Political protests

Personal: I don’t often talk politics in blog posts but I’m becoming increasingly alarmed by the present UK government. I’m not usually a Conservative voter, but I know plenty of people who are and I respect their views, and in many respects I agree with them. However, many of them will surely change their affiliation soon because our government is not only betraying Conservative principles, it is also treating core British values and our cultural legacy with contempt.

No reasonable person would wish the events of the past 2-3 years on any government. They didn’t handle the Covid pandemic particularly well, making one or two serious miscalculations, but thanks to the NHS we’ve weathered the storm better than some countries. They couldn’t have predicted the global financial crisis accompanying Russia’s “special military operation” in Ukraine, though their attempts to protect the poorest in the community from the worst consequences have so far proved inadequate. Then they’ve had Brexit to cope with. Of course we can say that they brought the disaster of Brexit on themselves. Sadly, they’ve brought it on the rest of us as well.

However, they’ve done, and are doing, far worse and far more sinister things. First, their response to the European Court of Human Rights, who challenged their policy of dispatching intending immigrants to Rwanda, reflects their desire to vitiate the strength of our human rights legislation. Second, they’re trying to suppress legitimate public protests. Third, they want to place further restrictions on the abililty of trade unions to call strikes – which by and large unions don’t do unless there’s very good cause. Fourth, and I think most seriously, they have no compunction about breaking laws that don’t suit them. Thus, we have a prime minister who by attending parties during the Covid lockdown broke laws that he himself had put in place; and then he lied about it. We have a government prepared to make unilateral changes in the Northern Ireland protocol, a hopeless mish-mash designed to protect the integrity of the UK against one of the deplorable consequences of Brexit. Thereby, they’re breaking international law.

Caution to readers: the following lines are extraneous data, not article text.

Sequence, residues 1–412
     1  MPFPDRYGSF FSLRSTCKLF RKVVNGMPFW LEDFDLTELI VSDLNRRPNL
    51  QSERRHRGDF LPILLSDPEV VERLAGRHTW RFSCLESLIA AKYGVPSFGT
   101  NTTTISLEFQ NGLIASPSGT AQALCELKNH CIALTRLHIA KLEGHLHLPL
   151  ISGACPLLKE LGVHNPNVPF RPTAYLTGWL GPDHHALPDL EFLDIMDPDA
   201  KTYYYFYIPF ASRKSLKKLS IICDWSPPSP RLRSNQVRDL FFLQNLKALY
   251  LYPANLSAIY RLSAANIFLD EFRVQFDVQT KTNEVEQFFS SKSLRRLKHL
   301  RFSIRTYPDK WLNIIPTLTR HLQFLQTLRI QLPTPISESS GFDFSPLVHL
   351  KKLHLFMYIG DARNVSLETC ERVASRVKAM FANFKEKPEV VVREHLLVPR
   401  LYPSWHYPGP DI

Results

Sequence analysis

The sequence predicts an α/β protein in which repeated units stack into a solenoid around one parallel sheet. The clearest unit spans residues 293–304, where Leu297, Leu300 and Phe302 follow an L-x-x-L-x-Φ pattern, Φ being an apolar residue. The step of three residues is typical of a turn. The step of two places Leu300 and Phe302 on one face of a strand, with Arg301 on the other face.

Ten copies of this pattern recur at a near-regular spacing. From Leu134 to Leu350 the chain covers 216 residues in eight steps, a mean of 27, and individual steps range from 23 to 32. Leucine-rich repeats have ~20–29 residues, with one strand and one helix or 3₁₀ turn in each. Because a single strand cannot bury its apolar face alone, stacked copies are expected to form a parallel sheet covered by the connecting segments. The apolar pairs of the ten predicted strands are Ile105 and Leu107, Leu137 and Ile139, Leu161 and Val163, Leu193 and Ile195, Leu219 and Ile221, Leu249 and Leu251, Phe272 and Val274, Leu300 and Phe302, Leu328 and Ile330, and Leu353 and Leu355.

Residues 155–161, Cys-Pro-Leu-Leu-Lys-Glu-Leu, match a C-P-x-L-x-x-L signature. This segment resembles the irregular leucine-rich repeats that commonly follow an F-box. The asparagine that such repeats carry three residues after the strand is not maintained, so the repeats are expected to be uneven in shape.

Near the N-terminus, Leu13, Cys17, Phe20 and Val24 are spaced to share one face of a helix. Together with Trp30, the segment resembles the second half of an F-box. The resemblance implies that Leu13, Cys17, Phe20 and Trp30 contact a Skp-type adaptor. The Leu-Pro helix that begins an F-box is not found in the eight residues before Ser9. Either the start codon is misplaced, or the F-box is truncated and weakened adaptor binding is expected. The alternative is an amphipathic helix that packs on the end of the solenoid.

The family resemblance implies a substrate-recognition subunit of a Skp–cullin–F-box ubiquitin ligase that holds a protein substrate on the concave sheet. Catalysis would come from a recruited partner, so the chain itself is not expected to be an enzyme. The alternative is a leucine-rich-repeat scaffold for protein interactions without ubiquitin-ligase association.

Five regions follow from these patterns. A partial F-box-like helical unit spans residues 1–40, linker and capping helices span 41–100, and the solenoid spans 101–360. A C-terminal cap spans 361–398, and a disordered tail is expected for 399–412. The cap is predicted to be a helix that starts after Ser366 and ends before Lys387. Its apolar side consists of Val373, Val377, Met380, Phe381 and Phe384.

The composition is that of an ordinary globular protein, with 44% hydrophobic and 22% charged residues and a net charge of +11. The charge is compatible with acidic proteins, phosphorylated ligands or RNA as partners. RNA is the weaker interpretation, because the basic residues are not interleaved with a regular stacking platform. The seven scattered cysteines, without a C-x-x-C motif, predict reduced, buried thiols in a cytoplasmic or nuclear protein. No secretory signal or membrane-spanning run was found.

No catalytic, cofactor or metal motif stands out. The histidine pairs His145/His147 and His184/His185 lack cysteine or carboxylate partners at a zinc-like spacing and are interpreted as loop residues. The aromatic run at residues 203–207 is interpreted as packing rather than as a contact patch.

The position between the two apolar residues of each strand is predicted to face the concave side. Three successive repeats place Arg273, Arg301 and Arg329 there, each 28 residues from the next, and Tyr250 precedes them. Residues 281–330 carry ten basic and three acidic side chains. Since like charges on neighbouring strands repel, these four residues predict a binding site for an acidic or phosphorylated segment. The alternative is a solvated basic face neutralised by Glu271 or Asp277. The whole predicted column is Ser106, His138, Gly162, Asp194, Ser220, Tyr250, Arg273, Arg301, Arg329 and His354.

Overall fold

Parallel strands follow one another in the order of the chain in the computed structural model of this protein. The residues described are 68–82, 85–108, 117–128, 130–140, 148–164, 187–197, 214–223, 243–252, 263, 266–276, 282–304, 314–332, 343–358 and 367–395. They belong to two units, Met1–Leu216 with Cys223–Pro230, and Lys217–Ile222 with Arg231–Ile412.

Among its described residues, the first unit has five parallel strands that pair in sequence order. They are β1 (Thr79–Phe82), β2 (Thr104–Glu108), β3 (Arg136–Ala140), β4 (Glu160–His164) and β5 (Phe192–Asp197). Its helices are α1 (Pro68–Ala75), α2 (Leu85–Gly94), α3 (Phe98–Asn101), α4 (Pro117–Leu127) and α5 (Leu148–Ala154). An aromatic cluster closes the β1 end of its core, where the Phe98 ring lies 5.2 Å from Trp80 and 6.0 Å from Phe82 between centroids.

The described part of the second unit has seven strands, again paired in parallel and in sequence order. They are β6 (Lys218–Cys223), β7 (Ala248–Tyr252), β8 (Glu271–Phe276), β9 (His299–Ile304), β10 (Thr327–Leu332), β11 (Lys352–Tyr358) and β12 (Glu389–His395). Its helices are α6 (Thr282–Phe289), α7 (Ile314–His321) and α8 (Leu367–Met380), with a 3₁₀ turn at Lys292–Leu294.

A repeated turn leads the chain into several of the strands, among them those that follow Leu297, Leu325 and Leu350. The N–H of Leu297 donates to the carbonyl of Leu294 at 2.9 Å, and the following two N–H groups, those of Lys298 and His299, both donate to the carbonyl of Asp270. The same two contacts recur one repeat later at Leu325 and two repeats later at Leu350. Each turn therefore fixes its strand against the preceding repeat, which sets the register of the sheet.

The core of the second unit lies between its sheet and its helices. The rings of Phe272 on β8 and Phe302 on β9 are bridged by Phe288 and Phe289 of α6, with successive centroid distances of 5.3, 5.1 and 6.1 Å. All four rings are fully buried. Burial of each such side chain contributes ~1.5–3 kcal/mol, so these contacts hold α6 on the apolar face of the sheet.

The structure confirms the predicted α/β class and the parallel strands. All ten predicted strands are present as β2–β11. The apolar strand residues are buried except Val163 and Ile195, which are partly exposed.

Britain led the way in establishing human rights legislation internationally. Our government is now betraying that admirable legacy. Eight centuries ago, England established the principle that no one, from the monarch downwards, is above the law. Our government is now betraying Magna Carta.

I’m sure I’m not the only Brit who’s alarmed by them. In that context, I’ve just read a surprisingly relevant book…


Review: Why should world-saving superheroes with superpowers be the exclusive property of American comic books and films? (Sorry, not films – movies. In this context I’m supposed to forget that I’m British.) Ra Page has edited a collection of stories by twelve authors who don’t believe it should. Instead, they’ve resurrected a healthy sample of the revolutionary spirits who led protests in Britain in times gone by against the factories, against mechanisation, against toll-gates. They grant each of them a suitable superpower and then turn them loose against the cynical developers, bureaucrats, corrupt politicians and exploiters of our own age.

What results is a book unlike any other. It comprises twelve short stories, each protesting against one of the evils of the modern world, each centring on a superpower-inspired hero (more often female than male) whose focus is on that evil. Some are a delight. I loved the fire-starting woman who destroys exploiting factories, and the single mother who uses her shape-shifting power to steal food and other goods from supermarkets to supply foodbanks. Each story is followed by an afterword written by a historian with expert knowledge of the historical original from which the idea was taken: General Ludd, Captain Swing, the Servants of the Queen of the Fairies, and others.

Not all the stories work particularly well, but some are excellent, and the overall idea of the book is strong enough and distinctive enough to persuade me to recommend it to our local literature group. Congratulations to Comma Press for giving us this celebration of the long British tradition of communal protest, which our present government wishes to terminate.

Ra Page (ed) The Cuckoo Cage, Comma Press, 2022; ISBN: 9781912697403

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